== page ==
Friday, March 29, 2013

I still prefer the original mobile device

Clearly, I'm old.

While I participate in social media and have many friends on Facebook, followers on Twitter and connections on Linked In, I'd still rather get in my car and go meet them for lunch, a round of golf, coffee, a ballgame or some other activity where face-to-face social interaction occurs.

My first mobile device was my brother's ratty, midnight blue 1969 Camaro RS with a 327, Weber carbs and a Hurst 3-speed that we used to cruise around Northern Michigan.

Today's generation lusts after an iPhone 5 with 64GB of storage, retina display and 8-megapixel iSight camera that shoots 720p HD video. 

This is a problem for carmakers.

Kids are getting behind the wheel later and getting a driver's license is no longer the rite of passage it once was. The passion for both cars and the act of driving are fading from mainstream American culture. The less people care about a category the more commoditized the products become. Thus the car is fast becoming a glorified appliance.

Is it any wonder then that in trying to reach out to teens, Toyota has developed a campaign that focuses on safety...

No wonder no one writes songs about cars anymore.

Wednesday, March 27, 2013

JWT India goes rogue

Every creative at every agency has one, a file filled with ideas that were killed at one point or another by a creative director, account director or client. Most of us have the good sense never to share those ideas with the outside world.

Such was not the case with some staffers at JWT India who decided share these offensive ad comps with Ads of the World in an effort to show how creative they are.


Now the team at Ford has a full-fledged PR crisis on their hands, JWT global executives are bending over backwards to try to save the account, and the people who thought this was a good idea are deservedly on the street looking for new jobs.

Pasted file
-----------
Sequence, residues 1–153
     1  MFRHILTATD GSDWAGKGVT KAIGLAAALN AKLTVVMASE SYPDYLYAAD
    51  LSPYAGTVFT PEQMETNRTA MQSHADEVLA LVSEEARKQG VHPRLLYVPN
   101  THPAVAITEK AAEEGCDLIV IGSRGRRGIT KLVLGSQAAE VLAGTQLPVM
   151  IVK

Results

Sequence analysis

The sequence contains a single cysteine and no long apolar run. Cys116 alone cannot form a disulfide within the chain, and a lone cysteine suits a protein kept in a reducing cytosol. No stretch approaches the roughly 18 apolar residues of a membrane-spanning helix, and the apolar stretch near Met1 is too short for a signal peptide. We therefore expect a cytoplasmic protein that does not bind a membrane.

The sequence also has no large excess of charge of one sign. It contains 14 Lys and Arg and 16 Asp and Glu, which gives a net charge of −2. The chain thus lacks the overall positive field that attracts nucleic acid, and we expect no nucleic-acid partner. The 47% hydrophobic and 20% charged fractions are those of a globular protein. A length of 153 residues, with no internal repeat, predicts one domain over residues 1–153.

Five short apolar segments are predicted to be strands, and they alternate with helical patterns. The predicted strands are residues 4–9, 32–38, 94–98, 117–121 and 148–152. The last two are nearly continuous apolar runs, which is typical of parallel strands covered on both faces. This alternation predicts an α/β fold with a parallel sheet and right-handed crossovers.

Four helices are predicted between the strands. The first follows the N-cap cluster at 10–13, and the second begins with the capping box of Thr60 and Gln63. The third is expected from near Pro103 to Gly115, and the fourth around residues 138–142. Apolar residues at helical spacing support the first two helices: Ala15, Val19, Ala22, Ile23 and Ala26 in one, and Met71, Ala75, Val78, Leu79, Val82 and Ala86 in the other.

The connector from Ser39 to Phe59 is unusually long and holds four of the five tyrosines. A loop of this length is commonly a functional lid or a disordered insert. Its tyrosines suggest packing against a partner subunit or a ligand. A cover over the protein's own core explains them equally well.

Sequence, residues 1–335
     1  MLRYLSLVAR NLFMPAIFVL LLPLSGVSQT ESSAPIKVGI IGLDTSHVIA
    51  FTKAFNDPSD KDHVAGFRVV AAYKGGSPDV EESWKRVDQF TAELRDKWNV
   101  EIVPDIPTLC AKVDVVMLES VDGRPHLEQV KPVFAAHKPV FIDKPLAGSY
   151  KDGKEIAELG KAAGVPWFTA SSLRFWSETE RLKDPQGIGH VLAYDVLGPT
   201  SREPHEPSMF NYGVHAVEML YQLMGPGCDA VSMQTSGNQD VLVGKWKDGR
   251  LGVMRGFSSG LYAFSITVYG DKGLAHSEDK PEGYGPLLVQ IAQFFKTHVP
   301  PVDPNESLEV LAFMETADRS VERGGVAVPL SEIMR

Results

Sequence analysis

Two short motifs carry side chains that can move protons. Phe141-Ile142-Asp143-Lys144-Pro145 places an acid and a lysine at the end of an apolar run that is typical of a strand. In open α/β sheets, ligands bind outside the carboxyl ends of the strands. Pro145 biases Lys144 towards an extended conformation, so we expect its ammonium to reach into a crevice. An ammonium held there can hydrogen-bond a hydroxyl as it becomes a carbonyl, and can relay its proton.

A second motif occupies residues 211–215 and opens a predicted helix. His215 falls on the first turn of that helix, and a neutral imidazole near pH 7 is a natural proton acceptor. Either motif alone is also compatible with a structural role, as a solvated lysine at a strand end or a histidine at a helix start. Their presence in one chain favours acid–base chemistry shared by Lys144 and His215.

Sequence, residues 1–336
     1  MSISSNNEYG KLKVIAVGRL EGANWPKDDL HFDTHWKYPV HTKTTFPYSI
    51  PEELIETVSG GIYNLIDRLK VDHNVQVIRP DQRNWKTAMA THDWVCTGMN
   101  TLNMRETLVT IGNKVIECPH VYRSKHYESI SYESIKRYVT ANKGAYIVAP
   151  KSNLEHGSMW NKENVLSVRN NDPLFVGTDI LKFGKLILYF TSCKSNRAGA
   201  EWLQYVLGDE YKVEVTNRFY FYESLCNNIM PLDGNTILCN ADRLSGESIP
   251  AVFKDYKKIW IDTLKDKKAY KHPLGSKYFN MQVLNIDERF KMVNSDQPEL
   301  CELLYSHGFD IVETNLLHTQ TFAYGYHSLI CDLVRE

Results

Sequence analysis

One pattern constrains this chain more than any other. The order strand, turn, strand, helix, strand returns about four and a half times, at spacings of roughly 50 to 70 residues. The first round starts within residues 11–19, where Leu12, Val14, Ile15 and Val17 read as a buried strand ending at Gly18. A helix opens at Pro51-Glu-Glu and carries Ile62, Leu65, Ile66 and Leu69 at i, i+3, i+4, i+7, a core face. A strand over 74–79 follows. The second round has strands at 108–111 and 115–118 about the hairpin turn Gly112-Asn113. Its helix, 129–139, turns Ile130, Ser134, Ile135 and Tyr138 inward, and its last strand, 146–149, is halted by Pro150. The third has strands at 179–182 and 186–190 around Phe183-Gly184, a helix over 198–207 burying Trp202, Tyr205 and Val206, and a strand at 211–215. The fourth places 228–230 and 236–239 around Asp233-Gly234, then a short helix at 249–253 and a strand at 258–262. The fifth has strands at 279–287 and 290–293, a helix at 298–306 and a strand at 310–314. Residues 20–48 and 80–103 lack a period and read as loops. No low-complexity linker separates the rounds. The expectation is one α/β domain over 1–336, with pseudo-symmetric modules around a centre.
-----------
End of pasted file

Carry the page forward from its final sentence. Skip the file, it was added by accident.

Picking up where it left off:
The fact that they spent the time and money to hire a professional illustrator to create the comps leads me to believe that someone at a senior level in the creative department approved these "ideas." I'm not sure if they ever made it to the client, but somewhere along the way, this concept was rightfully killed and should never have seen the light of day.

The advertising business – thanks to its fascination with youth – has always attracted people who feel their talent and creativity entitle them to privileges well beyond their years, that their inflated titles and meteoric rise make them smarter than everyone else in the room. It's that attitude that leads to events like this.

Advertising is about creating memorable messages to support and build a client's brand. That requires creativity, maturity and judgement. Unfortunately it appears that no one in the creative department at JWT India has any of those qualities.

In an update, this article by Ad Age suggests that not only did people at the highest levels of JWT India know about these ads, but so did someone at the client who had to sign a document stating that the ads were real before they could be entered in a local awards show. My guess is more people will be losing their jobs very soon.

Monday, March 25, 2013

It's all about the McBrand

According to this story in Ad Age, McDonald's is introducing a new sandwich, the McWrap, to attract the demographic known as the millennials – or as we humans call them, 18 to 32-year olds.

It seems that McDonald's executives are distressed that their restaurant is not one of this group's favorite restaurants. To that, I have just one question.

Outside of the 4 to 10-year old demographic, is McDonald's anyone's favorite restaurant?

McDonald's has grown to massive proportions exactly because it is no one's favorite restaurant. Mickey D's is the vanilla ice cream of restaurants: almost everybody likes it, but nobody loves it.

McDonald's is convenient, consistent, and cheap. That's how they've managed to serve billions.

Of course they should adapt their menu to provide options that will keep the chain relevant and cars lined up at the drive-through. Of course, they should consider other policies that appeal to this and other generations of customers. But if any of those changes get in the way of convenient, consistent and cheap, there will be trouble ahead.

McDonald's faces one of the great challenges of branding, how to adapt without changing.